Israel’s Knesset convenes to vote on new government that will end Netanyahu’s rule

People pass an election campaign billboard for the Likud party that shows a portrait of its leader Prime Minister Benjamin Netanyahu, in Ramat Gan, Israel, Sunday, March 21, 2021. Israelis head to the polls on Tuesday for what will be the fourth parliamentary election in just two years. Once again, the race boils down to a referendum on Prime Minister Benjamin Netanyahu

Israeli Prime Minister Benjamin Netanyahu’s record 12-year hold on power was set to end on Sunday when parliament votes on a new government, ushering in an administration that has pledged to heal a nation bitterly divided over his departure.

Netanyahu, the most dominant Israeli politician of his generation, had failed to form a government after a March 23 election, the fourth in two years.

Naftali Bennett, a hawkish hi-tech millionaire, was poised to replace him as head of a new government of unlikely allies that include left-wing, centrist and Arab legislators, which he cobbled together with opposition leader Yair Lapid.

Parliament convened at 4 p.m. (1300 GMT) to approve the government in a confidence vote that will follow speeches and a debate that could take about four hours. After its ratification, the new cabinet will be sworn in.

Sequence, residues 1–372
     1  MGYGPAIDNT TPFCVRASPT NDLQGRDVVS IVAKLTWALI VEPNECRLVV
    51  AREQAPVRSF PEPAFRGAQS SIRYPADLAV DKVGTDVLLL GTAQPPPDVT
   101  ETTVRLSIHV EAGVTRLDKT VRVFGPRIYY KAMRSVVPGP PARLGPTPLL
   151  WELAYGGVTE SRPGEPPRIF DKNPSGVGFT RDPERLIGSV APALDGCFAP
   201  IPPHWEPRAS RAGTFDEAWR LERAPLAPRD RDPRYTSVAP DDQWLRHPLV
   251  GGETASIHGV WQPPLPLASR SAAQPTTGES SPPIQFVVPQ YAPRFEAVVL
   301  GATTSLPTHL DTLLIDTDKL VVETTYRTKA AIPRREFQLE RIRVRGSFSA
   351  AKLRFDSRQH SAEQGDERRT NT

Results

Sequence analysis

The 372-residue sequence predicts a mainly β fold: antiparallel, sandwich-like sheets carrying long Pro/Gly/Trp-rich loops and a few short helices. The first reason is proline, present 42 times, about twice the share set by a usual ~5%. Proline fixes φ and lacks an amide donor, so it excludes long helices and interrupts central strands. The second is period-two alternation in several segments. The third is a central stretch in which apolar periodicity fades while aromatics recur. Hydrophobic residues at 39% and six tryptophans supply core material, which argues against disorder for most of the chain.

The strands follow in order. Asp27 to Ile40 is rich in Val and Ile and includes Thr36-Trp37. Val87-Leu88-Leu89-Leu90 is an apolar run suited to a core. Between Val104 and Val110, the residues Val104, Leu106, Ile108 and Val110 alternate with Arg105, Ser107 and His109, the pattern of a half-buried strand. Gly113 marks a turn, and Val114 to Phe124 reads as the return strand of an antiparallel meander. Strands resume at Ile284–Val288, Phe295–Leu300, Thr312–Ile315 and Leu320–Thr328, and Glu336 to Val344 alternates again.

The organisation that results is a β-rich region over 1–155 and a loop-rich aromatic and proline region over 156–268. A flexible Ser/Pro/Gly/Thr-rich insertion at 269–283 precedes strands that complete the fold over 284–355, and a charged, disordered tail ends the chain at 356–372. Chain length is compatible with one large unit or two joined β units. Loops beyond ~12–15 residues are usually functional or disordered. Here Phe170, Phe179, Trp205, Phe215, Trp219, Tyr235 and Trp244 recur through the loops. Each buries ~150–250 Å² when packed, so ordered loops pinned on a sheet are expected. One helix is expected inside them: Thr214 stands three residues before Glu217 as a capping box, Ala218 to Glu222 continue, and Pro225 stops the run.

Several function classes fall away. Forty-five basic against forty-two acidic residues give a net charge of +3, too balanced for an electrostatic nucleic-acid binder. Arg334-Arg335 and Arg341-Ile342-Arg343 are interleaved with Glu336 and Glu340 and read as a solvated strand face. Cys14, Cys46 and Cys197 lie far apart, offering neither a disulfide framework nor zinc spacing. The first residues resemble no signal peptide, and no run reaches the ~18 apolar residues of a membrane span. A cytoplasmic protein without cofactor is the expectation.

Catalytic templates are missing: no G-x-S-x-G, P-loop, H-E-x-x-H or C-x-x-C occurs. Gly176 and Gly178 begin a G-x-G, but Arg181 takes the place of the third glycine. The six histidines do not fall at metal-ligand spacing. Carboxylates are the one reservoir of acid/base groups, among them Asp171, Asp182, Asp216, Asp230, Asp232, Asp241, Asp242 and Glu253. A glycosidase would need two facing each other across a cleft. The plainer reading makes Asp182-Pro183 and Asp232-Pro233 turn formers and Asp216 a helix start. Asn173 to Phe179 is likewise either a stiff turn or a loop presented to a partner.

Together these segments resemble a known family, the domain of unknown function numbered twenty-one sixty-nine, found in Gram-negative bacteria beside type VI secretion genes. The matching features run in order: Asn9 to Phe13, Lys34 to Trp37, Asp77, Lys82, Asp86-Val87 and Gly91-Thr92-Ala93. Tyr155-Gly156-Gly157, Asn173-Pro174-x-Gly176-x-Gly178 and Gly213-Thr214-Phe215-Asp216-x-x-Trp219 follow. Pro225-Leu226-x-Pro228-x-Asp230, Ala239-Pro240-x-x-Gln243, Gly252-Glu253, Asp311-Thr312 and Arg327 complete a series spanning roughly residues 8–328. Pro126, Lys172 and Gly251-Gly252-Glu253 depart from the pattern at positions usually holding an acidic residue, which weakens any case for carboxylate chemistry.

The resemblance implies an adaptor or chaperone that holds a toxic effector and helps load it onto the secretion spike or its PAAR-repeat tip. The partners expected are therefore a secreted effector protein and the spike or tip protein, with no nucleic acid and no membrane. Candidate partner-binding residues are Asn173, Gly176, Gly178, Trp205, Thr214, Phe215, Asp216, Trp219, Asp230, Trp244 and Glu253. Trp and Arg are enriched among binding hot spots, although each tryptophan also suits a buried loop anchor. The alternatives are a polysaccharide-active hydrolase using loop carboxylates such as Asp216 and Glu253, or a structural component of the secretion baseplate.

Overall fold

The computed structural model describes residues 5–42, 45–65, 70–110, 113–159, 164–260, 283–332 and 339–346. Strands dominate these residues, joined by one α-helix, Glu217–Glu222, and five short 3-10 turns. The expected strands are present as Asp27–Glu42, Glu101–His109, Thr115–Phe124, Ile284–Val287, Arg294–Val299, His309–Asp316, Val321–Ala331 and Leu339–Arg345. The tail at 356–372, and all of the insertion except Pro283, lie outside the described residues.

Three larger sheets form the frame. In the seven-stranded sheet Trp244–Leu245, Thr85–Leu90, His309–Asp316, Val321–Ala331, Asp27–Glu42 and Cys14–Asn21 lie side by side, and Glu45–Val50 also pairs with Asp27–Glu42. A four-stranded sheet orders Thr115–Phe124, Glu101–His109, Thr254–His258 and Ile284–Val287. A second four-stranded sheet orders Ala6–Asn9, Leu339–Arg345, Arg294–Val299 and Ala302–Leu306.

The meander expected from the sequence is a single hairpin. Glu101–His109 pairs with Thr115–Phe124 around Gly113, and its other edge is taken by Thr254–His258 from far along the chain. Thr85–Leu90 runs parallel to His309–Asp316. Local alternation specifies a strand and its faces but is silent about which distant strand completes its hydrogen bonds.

Bennett, 49, an Orthodox Jew, will serve as premier for two years before Lapid, a former TV host, takes over.

“Thank you Benjamin Netanyahu for your lengthy and achievement filled service on behalf of the State of Israel,” Bennett said in a speech at the start of the session.

The government, including for the first time a party that represents Israel’s 21% Arab minority, plans largely to avoid sweeping moves on hot-button international issues such as policy toward the Palestinians, and to focus on domestic reforms.

With little to no prospect of progress toward resolving the decades-long conflict with Israel, many Palestinians will be unmoved by the change of administration, saying Bennett will likely pursue the same right-wing agenda as Netanyahu.

That looked likely regarding Israel’s top security concern, Iran. A Bennett spokesman said he would vow “vigorous opposition” to any U.S. return to the 2015 Iranian nuclear deal but would seek cooperation with the administration of U.S. President Joe Biden.

“Love you, thank you!” Netanyahu wrote in a message, illustrated with a heart emoji, to the Israeli public on Twitter that featured a photo of the 71-year-old leader against the backdrop of an Israeli flag.

Was it worth reading? Let us know.